John 1:1-4

Thanks for your email! Please do feel free to write back about any of the above.

In Jesus Christ our dear Lord and Savior,

Bob Luginbill

Question #38: 

Thanks for your email and answer. I am just now trying to learn Greek and I am finding that there is a lot to understand. While the tools I have are helpful (lexicons and Greek learning book etc.) understanding the language will take some time and serious study on my part. Again thank you for your quick response and thank you for the time to help me understand the essence of the passages accurately.

I hope I can contact you again if I have some other questions.

Response #38: 

You are very welcome,

I'm happy to hear you found this helpful! And, yes, do feel free to write me back any time.

In Jesus Christ our dear Lord and Savior,

Bob L.

Question #39:  

Dear Bob,

I know it's fairly soon since I last emailed you, but had a question about Matthew 25. The sheep are us, Christians, believers, right? I'm fairly sure, but with the way Jesus spoke, I'm just wondering if the goats are just unbelievers?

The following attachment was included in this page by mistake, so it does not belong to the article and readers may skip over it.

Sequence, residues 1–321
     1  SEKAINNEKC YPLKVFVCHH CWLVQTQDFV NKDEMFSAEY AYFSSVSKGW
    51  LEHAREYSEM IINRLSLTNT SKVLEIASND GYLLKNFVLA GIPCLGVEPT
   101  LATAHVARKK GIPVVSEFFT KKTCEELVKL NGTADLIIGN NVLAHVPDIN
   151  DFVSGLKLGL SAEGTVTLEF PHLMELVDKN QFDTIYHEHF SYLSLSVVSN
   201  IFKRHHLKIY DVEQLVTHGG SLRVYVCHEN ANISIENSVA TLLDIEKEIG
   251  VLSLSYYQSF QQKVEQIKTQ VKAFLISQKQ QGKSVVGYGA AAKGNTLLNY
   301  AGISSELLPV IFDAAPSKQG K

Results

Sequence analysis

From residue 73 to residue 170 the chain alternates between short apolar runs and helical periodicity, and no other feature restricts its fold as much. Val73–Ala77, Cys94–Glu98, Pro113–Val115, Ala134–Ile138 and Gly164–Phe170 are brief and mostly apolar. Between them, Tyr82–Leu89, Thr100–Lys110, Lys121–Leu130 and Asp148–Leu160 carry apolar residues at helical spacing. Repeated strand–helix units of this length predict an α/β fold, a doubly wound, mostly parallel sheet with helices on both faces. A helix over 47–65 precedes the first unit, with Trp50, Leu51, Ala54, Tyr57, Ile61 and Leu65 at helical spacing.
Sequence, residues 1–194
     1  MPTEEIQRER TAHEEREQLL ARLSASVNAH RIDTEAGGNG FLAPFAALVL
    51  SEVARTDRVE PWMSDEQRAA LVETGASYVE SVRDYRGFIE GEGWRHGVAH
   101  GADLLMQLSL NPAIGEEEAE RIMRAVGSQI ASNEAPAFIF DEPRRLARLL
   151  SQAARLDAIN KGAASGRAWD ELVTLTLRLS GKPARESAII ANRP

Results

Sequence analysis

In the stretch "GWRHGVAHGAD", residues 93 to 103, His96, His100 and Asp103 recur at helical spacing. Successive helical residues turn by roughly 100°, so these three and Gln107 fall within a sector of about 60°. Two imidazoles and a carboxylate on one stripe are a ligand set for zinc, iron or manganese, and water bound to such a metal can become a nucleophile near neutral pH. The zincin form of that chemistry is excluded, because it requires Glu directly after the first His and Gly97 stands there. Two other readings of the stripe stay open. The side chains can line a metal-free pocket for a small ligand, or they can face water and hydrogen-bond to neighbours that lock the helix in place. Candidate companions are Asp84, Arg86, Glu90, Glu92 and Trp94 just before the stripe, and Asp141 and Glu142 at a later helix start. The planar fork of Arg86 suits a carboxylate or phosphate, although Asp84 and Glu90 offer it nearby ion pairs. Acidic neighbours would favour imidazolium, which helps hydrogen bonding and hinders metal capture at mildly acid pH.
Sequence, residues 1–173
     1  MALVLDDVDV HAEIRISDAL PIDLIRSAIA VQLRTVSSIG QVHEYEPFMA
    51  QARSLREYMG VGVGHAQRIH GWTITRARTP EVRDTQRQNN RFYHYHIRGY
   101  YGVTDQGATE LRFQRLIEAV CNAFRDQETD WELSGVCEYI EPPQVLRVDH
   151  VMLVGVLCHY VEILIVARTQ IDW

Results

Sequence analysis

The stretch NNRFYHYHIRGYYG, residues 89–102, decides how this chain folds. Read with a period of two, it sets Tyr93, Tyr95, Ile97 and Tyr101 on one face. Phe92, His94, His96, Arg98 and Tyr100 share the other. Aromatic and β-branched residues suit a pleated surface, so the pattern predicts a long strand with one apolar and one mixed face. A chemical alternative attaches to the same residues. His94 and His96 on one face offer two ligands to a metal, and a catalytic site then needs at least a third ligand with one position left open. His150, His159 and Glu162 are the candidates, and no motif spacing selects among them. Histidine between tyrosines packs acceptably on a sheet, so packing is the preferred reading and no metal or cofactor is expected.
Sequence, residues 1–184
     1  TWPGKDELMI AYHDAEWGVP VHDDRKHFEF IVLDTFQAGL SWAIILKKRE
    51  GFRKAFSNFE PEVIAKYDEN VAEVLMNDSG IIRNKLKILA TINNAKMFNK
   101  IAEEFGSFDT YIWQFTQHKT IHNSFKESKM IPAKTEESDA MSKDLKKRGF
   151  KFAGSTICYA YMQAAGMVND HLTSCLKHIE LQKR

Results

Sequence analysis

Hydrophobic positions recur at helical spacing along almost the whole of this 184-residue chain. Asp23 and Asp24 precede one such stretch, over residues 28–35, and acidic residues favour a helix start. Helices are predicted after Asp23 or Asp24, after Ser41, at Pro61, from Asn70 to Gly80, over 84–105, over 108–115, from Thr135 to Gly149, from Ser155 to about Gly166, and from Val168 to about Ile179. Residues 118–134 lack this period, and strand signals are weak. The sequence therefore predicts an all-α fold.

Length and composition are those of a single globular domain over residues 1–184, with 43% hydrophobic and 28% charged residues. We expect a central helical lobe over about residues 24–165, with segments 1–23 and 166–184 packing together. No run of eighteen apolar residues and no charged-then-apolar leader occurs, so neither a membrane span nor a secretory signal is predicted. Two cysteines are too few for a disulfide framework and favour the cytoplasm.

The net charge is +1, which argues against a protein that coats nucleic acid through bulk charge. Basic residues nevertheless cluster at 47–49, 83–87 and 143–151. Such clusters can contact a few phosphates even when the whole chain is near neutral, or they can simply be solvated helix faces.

Response #39: 

It's no problem. The sheep are the millennial believers, the goats are all the unbelievers since Cain up until the last day of human history. The Church has already been resurrected at this point and has reigned with Christ for 1,000 years. After history concludes, the final phases of the resurrection take place, namely, all who have not yet been resurrected (cf. 1Cor.15:23-24), whether unto life (the Millennial believers) or unto death (all unbelievers from throughout history). The believers are evaluated first for reward, and then comes the last judgment (Rev.20:11-15). These matters (including an explanation of why Matthew 25:31ff. has to refer to this later time and not to the second advent) are all written up in great detail in CT 6 at the link: "The Last Judgment".

Yours in Jesus Christ our dear Lord and Savior,

Bob L.

Question #40:  

Hello sir,

Thank you very much. All these prayers were possible because of your efforts.

I have a question about the thief who was on the cross with Jesus Christ. He would be in the paradise with Jesus Christ. What exactly did the thief believe? This thief speaks of the kingdom even though Jesus was about to die on the cross, so he definitely was more spiritual than many would like to think. Do you think he believed that Jesus is the Lamb of God dying for his sin?